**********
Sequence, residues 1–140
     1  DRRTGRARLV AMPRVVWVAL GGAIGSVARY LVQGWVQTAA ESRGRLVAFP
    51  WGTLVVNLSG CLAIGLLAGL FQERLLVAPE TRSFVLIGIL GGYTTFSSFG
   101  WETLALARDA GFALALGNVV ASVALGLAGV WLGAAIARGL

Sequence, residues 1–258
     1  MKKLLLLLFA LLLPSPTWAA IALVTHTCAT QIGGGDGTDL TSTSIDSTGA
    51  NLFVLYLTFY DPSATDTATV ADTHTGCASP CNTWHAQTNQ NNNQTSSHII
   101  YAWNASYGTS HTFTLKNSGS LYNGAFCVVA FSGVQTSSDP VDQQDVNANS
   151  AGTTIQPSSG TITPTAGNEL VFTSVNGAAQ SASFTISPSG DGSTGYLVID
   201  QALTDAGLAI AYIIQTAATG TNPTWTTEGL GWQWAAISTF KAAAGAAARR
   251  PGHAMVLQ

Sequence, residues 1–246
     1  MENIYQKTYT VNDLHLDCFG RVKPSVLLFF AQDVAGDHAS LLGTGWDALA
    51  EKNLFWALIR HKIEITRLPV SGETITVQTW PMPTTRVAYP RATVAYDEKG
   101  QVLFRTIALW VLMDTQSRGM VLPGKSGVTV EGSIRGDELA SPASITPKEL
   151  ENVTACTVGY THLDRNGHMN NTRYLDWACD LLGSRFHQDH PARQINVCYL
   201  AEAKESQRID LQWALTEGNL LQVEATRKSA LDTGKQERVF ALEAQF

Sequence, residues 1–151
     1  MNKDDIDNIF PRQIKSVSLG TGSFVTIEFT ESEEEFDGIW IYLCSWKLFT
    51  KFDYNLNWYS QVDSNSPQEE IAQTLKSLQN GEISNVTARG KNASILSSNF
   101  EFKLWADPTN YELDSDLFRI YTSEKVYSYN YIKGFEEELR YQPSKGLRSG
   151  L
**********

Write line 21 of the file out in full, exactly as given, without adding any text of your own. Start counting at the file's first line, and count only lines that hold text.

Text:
   101  EFKLWADPTN YELDSDLFRI YTSEKVYSYN YIKGFEEELR YQPSKGLRSG